A fountain that dispenses vodka, for free, for ten minutes a day? It sounded too good to be true.
Our research on what to do in Batumi had uncovered some unusual information, and it was with great excitement that we sped out of Turkey and into the Promised Land to discover more about a mysterious “Chacha Fountain”.
For the uninformed, chacha is the national drink of Georgia. It is distilled from grapes and, in true national drink style, is usually homemade. Some compare it to grappa, some vodka, and some brandy. It’s in the same hard-hitting leagues as Hungary’s palinka and Balkan rakija, and we absolutely wanted to try it as soon as possible.
According to various sources on the internet, Batumi’s Chacha Tower was actually the brainchild of the city government, and they spent a reported half-a-million dollars to build it.
We found a brilliant and inspiring quote from the chairman of the Batumi City Council:
It will be a tower fountain, where instead of water the Georgian chacha will flow, and everyone – our citizens, foreign visitors and tourists – will have the opportunity to taste it.
Georgia, what a place.
The fountain was opened in October 2012 to much fanfare, but we unfortunately couldn’t find any certifiably recent information on the chacha situation. Some sources online said it dispensed drink for 10 minutes from 7pm every day, others said once a week (Thursday? Saturday? Sunday?). One source reported (accurately, we later found) that usually there is a queue of “regulars” with whom you have to battle to get your booze, and that you should bring your own cup.
After a drive through a storm and across borders, at 6:40pm we found ourselves in front of the legendary tower. It was actually a pretty impressive building; an ornate white clock tower flanked on its three sides by pools of water, at the base of each was a tall metal cylinder imprinted with the words “CHACHA FOUNTAIN“.
Just as the internet had said, there was a group of middle-aged men who looked down on their luck, huddled at one of the gated arches of the tower. They obviously knew what they were doing, and had placed a plastic cup at the mouth of one of the silver fountains in front of the motion sensor. Mook offered them cigarettes and they gratefully accepted. They were even more excited than we were about the promised onslaught of FREE CHACHA.
The rain had turned the grass around the fountain into a swamp. People occasionally passed by the fountain towards the waterfront, stealing glances at us out of the corner of their eyes as they gingerly stepped around puddles. Some tourists took photos in front of the tower then left. The clock ticked closer to 7pm.
Another tourist couple came to snap some photos, but actually hung around with their eyes on the clock. It turns out that they were also from Germany, in Georgia for their honeymoon and very interested in the promise of FREE CHACHA. There is just something about Germans and fountains that dispense free alcohol.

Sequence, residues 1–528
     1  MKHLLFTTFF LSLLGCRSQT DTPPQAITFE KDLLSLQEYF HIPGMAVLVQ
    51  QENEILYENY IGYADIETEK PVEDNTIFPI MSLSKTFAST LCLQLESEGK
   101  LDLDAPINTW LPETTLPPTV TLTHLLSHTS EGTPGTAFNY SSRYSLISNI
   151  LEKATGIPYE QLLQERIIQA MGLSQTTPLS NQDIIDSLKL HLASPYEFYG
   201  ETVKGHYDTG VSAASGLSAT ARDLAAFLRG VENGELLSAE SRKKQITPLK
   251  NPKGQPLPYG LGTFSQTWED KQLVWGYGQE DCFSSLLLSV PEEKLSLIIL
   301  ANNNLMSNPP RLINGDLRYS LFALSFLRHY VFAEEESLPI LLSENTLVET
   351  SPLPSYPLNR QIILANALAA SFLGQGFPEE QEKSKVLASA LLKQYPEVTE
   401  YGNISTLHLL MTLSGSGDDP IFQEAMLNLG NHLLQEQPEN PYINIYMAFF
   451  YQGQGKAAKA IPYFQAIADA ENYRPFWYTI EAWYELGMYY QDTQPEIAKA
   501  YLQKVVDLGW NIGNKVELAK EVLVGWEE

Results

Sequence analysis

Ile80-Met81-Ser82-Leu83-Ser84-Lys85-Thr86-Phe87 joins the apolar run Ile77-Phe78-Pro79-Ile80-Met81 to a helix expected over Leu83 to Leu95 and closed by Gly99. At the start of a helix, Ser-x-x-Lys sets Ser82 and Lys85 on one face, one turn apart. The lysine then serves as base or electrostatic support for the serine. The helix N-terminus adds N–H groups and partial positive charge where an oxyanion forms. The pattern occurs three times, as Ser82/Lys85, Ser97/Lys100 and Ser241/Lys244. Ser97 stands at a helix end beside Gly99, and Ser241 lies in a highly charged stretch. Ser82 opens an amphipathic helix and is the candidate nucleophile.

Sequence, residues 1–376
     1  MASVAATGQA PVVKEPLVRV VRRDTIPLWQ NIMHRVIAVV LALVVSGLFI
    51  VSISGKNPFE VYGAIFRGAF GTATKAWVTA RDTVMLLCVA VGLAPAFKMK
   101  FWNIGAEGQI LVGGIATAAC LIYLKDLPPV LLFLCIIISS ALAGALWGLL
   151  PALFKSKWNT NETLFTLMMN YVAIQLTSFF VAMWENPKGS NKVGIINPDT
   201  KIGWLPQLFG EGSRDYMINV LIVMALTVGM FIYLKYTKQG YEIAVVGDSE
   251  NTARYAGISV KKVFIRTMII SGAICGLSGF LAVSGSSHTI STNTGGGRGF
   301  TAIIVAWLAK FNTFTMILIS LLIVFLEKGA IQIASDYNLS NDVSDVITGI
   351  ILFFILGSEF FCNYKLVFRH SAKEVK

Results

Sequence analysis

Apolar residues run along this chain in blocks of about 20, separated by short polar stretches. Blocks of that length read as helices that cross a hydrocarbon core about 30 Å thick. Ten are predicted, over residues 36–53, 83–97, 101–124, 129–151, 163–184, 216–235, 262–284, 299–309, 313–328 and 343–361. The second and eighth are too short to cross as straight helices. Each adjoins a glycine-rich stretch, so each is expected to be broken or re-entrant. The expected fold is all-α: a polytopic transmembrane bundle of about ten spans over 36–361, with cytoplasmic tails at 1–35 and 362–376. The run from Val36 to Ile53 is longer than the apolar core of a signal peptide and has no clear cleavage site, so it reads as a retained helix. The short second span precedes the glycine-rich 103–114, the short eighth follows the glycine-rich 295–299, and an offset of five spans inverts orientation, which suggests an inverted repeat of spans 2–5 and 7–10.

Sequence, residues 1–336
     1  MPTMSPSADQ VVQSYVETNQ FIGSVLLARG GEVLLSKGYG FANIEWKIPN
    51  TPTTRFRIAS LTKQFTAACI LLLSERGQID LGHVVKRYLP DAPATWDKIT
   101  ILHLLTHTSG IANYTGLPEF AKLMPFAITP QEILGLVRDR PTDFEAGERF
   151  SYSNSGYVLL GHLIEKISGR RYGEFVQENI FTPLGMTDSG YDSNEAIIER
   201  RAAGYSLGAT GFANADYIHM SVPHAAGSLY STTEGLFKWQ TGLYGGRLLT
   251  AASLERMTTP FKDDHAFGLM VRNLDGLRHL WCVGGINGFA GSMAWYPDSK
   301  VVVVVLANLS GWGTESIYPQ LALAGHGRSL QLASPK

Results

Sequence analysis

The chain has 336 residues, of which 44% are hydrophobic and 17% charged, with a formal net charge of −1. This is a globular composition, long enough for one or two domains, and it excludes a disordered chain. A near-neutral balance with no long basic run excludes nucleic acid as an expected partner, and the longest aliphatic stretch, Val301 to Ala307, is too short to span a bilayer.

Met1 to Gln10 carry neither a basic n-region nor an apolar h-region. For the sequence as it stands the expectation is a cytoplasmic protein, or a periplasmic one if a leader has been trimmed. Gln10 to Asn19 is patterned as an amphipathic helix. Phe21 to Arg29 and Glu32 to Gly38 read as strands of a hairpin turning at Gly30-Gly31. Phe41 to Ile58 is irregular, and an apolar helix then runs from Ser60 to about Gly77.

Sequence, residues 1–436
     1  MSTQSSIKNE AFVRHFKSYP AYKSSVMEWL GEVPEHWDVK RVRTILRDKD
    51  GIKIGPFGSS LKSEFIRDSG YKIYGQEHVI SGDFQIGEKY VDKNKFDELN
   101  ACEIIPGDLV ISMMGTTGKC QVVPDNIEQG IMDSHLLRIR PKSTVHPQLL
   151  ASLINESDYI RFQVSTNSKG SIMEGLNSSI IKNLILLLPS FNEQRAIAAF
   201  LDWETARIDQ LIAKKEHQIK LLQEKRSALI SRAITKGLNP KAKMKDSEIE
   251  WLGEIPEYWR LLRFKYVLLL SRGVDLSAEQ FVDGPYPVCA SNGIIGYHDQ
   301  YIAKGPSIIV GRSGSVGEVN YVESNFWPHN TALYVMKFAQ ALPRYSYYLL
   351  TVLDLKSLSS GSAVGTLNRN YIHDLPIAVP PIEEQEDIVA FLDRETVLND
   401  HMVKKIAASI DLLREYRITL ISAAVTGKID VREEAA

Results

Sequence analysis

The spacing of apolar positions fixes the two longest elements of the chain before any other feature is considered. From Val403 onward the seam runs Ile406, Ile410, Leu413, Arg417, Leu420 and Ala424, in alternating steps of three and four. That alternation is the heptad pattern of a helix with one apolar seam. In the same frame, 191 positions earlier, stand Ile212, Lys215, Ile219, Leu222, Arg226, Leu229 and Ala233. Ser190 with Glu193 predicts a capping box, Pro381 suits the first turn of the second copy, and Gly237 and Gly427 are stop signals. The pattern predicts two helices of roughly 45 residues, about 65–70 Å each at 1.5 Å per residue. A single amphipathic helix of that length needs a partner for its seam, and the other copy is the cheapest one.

The sky grew darker as the clock ticked towards 7pm and the Chacha Tower automatically illuminated, rotating through rainbow colours in a delightful yet silent announcement that soon, we would all have cups filled to the brim with Georgia’s national pride. And we had it all to ourselves: us, the German couple, and the four bums. We could almost taste the chacha victory.
The Chacha Tower clock’s hands moved to indicate seven o’clock in chacha time, but the cup placed inside the chacha fountain remained still. We looked at the Georgian dudes. They shrugged and motioned us to just wait, just wait. And we waited, but soon it was 7:10pm and nothing had happened. We couldn’t figure it out–does it turn on automatically, do people come and make some kind of speech about Georgia and turn it on, or what?
Two other Georgian men approached; non-descript in every way except that it looked like they weren’t waiting for vodka to magically come pouring out of a faucet in the middle of a park. They said something to the bums, who immediately looked disappointed. One of the guys approached us and in his best English explained:
“No chacha today.”
“Because of big rain, so much water underground.” He motioned at the tower. “No chacha can come out with so much water.”
Okay, so the thing is flooded, fair enough. We had driven through streets that looked like small lakes on our way to Batumi, and by the looks of things the country didn’t have the best infrastructure or engineering prowess. But when could we drink the chacha??
“Today is rain, tomorrow.. maybe rain. Come visit me in two days and there is chacha.”
Mook was especially deflated, his grand vision of free vodka, pouring out of a fountain like tears from heaven into a pool where he could lay with his mouth open wide, was smashed. We didn’t really want to spend three more days in Batumi–the rest of Georgia awaited.
So despite all the hype, we never got to see if the Chacha Fountain is really still functioning or not. We considered moving on to Tbilisi then hopping back to Batumi later to check it out. But Georgia’s roads are pretty shit, and their drivers are even worse, and after a rough drive to the other side of the country we decided against heading back to Batumi for unconfirmed free chacha.
Because really, chacha flows freely in the rest of Georgia. Not from fountains, but from glass and plastic bottles that are filled and then emptied by the awesome, booze-loving people who make it. Who needs a chacha fountain?
(But if you have confirmation that the Chacha Tower is still functioning, pleeeeease let us know!)